In The Eye-Dancers, as he ponders the manner in which Mitchell Brant, Ryan Swinton, and Joe Marma have been able to tap into the “ghost girl’s” otherworldly powers and navigate through time and space, Marc Kuslanski, as is his wont, attempts to drill everything down to the rational, the scientific, disregarding anything that is supernatural.  As he does this, however, he reflects on how quantum mechanics intersects with the limitless capacity of thoughts.

 

From chapter 22:

“If a person could alter reality simply by observing something, then how much more powerful were his thoughts?  Take Ryan and Joe and Mitchell.  They had convinced themselves that some ‘ghost girl’ was contacting them in their dreams.  They had no doubt that this was true.  And so . . . their thoughts created a new reality. . . . Their potent and shared belief had transported them from one world, one universe, to another.”

Indeed.  The realm of the physical is finite, limited, and restricted.  We can only walk so many miles, jump so high, meet so many deadlines.  But the internal space, the world of the mind . . . is as boundless as the universe itself, able to traverse infinity instantaneously, able to elevate and overcome and conquer.

 

Able to be free.

In the last stanza of his poem “To Althea, from Prison,” 17th-century British poet Richard Lovelace expounds on this liberation of the mind, this ability of thought . . . and love.

“Stone walls do not a prison make,
Nor iron bars a cage;
Minds innocent and quiet take
That for an hermitage.
If I have freedom in my love,
And in my soul am free,
Angels alone that soar above,
Enjoy such liberty.”

 

I find that all of this is especially germane to the creative world.  The transformative quality of the story, the magic of the written word, is an elixir for the soul.  On the writing side, I can be having a long day at work, slogging through a pile of bills, cleaning out the attic–but the story, the idea–it lives on.  It just needs to be written; or, if a work in progress, continued, edited, polished.  I can lose myself in my characters, their struggles, triumphs, tragedies, and accomplishments.  I can be lifted high above the clouds during that “aha” moment when the plot clicks together, a jigsaw puzzle fitting in place after months of searching.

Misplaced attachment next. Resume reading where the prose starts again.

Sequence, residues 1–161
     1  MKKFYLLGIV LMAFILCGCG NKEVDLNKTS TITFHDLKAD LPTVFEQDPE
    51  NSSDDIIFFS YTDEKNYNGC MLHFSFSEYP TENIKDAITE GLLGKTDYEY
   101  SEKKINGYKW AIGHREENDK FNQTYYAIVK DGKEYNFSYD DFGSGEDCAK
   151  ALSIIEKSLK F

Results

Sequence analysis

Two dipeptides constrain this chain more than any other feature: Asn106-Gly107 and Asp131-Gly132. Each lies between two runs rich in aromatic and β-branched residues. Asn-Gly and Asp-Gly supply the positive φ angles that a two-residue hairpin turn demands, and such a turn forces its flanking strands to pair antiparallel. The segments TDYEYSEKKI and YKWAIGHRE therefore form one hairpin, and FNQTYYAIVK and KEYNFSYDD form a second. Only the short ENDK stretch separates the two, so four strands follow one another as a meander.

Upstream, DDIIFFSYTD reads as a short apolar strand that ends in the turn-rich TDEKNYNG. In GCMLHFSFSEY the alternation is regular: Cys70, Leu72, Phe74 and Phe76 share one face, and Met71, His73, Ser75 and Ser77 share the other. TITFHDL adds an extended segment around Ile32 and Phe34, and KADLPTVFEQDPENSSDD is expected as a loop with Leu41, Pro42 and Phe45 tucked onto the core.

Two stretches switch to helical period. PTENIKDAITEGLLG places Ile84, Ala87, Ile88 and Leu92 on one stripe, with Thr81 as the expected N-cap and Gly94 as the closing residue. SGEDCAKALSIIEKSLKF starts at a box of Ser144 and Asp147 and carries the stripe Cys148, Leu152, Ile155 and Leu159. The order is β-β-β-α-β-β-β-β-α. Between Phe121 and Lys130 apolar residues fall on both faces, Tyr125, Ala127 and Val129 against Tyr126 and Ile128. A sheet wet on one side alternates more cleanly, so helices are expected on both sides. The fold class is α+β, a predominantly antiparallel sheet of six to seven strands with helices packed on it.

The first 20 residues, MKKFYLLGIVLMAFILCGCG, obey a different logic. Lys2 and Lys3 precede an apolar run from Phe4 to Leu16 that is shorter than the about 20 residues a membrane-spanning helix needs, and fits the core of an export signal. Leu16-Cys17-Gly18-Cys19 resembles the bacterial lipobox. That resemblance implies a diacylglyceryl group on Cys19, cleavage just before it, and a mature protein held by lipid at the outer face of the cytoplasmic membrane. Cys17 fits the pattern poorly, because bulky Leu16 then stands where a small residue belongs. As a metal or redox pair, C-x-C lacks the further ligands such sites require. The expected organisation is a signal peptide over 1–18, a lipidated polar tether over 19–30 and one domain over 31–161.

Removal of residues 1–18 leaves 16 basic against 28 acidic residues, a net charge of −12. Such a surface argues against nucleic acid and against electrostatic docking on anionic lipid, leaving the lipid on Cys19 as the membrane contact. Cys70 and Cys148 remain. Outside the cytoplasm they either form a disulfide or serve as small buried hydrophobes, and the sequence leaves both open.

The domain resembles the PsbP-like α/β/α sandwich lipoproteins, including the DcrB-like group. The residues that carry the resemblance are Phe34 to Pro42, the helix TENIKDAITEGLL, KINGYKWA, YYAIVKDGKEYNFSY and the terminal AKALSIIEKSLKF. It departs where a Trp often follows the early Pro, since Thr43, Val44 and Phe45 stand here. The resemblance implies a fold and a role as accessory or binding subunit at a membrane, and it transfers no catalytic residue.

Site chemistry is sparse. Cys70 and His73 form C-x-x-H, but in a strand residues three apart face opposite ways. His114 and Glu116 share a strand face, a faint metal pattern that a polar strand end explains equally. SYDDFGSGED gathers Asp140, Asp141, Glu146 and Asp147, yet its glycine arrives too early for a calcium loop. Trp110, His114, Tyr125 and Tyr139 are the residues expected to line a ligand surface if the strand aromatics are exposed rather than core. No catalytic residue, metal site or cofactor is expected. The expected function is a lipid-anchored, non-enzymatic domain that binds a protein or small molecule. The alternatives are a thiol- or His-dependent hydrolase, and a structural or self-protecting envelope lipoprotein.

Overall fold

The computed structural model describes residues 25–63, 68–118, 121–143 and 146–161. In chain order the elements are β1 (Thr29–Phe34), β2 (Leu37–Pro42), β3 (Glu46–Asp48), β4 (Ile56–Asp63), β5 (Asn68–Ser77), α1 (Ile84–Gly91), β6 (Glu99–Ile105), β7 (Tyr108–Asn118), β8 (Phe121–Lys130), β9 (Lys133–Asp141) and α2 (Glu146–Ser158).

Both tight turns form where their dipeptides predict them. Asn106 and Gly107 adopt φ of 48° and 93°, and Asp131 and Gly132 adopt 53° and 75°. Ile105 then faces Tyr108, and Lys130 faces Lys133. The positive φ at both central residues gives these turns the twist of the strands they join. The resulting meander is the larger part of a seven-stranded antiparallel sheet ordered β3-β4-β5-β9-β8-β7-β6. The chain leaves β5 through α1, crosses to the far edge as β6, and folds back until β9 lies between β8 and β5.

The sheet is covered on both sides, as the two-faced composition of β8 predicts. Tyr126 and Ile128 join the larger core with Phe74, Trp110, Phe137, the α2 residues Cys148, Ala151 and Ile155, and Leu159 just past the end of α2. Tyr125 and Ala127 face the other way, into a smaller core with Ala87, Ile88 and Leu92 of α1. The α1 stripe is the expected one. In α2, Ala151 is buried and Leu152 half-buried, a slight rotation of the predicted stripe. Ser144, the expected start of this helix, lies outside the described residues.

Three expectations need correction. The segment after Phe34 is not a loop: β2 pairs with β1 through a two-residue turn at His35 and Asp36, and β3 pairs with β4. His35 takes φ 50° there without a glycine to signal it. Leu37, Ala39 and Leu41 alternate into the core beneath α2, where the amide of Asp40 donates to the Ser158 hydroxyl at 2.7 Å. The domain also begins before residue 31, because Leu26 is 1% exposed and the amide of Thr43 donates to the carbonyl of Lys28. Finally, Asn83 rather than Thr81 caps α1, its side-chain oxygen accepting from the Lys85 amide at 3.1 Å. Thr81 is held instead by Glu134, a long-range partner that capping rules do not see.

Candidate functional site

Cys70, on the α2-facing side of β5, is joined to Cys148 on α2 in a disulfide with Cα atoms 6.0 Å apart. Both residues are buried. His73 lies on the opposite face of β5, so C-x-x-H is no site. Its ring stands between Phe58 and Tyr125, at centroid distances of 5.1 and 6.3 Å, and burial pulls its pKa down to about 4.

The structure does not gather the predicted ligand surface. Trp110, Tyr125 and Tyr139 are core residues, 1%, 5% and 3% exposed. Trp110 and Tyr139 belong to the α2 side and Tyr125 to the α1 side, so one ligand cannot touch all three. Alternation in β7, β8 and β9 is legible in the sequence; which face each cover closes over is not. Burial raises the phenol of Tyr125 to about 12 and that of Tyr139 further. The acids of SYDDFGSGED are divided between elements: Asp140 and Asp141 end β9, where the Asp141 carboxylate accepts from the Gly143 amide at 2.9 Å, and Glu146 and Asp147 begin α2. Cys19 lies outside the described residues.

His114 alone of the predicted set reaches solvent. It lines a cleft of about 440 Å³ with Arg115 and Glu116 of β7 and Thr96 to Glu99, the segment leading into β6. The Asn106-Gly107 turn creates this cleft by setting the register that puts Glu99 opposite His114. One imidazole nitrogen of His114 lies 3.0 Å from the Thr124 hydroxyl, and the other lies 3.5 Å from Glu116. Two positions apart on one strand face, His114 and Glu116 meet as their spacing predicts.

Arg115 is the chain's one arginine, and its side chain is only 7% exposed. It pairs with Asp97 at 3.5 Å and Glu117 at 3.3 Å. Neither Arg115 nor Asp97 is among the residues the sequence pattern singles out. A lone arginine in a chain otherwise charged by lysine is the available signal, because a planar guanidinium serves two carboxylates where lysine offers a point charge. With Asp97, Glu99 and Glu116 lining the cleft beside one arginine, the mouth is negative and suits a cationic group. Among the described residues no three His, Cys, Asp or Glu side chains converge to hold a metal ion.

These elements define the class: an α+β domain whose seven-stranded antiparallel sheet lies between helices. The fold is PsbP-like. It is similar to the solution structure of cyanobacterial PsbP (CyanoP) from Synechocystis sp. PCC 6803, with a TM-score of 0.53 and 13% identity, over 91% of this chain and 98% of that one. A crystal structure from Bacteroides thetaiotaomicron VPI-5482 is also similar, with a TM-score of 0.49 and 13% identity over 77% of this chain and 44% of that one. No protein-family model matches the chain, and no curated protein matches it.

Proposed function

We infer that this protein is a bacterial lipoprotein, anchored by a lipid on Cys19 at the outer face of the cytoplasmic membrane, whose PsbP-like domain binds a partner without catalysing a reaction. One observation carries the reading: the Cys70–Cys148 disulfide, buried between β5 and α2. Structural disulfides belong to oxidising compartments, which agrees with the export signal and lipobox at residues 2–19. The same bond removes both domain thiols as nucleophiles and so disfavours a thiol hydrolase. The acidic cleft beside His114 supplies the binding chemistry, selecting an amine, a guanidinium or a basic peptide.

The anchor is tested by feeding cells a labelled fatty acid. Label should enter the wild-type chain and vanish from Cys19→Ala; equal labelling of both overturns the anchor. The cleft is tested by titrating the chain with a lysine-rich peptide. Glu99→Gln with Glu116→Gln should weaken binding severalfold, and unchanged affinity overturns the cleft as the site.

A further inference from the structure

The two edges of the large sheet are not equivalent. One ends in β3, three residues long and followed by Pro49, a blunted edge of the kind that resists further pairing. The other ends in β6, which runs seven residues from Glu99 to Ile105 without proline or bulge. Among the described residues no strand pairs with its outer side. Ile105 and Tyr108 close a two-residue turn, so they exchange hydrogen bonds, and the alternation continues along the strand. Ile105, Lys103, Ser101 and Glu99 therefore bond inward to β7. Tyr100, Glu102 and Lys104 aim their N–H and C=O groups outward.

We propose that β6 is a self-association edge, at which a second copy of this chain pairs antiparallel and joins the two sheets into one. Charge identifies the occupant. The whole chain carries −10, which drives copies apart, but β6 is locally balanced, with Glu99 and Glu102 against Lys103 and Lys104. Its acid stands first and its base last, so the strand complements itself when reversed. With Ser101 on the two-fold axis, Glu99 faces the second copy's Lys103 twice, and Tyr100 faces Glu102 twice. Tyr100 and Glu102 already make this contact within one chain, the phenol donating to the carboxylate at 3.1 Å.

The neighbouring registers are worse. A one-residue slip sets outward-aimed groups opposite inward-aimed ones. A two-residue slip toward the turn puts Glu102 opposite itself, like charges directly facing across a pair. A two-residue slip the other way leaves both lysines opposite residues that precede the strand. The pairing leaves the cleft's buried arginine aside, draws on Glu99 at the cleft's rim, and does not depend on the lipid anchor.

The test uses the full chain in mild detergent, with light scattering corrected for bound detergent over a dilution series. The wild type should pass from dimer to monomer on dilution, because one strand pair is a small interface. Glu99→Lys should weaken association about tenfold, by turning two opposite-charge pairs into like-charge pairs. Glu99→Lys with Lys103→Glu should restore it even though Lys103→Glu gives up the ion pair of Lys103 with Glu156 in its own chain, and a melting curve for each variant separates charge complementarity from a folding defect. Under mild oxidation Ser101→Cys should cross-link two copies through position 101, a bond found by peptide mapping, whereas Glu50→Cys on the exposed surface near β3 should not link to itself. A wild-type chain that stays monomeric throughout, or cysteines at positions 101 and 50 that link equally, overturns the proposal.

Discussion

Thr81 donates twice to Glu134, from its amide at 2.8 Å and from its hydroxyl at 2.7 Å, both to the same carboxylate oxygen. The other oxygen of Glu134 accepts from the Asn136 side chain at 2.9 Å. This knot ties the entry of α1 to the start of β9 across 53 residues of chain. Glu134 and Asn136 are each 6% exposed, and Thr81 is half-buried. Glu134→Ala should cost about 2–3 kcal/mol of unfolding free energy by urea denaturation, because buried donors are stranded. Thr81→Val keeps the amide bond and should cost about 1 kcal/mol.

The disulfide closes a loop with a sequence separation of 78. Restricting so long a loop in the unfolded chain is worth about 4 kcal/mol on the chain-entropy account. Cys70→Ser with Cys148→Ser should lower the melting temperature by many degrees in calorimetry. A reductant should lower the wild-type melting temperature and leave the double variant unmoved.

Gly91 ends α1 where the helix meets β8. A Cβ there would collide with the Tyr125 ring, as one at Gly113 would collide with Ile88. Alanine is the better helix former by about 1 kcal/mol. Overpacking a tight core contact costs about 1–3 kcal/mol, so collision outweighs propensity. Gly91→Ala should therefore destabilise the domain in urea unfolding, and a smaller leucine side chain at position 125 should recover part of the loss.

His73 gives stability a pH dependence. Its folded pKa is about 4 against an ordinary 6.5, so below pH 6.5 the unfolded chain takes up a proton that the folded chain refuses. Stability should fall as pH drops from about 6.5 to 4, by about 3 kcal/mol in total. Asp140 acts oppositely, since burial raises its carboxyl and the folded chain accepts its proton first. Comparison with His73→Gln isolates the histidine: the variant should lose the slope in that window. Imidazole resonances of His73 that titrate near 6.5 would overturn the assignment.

And as a reader?  The dynamic is similar.  Open a book.  Or scroll through a Kindle.  With no visual aid, you are transported, instantly, to the time and place the author has created from their imagination.  It’s a kind of magic, really, a form of telepathy.  You can find yourself in a drab, windowless room, a gray office cubicle (not that you should be reading on the job, mind you, *wink*, *wink*), or a crowded, stuffy waiting room.  It doesn’t matter.  The words on the page (or the screen) offer an almost out-of-body experience, where, regardless of what’s happening around you, you can live vicariously through characters born from the mind of someone who may live half a world away, or who may have died hundreds of years earlier and yet is able to speak to you across the chasm of centuries.

 

Magic, indeed.  The ability to soar high above, to travel through the depths of space and land on the far side of the universe.  Or right in your own hometown, able to see your world in a new and different way through the adventures of the characters you read about.  Or created yourself.

Freedom can be found anywhere, so long as you can dream, and think, and imagine.

“The stars are yours,” Ray Bradbury once wrote, “if you have the head, the hands, and the heart for them.”

 

Thanks so much for reading!

–Mike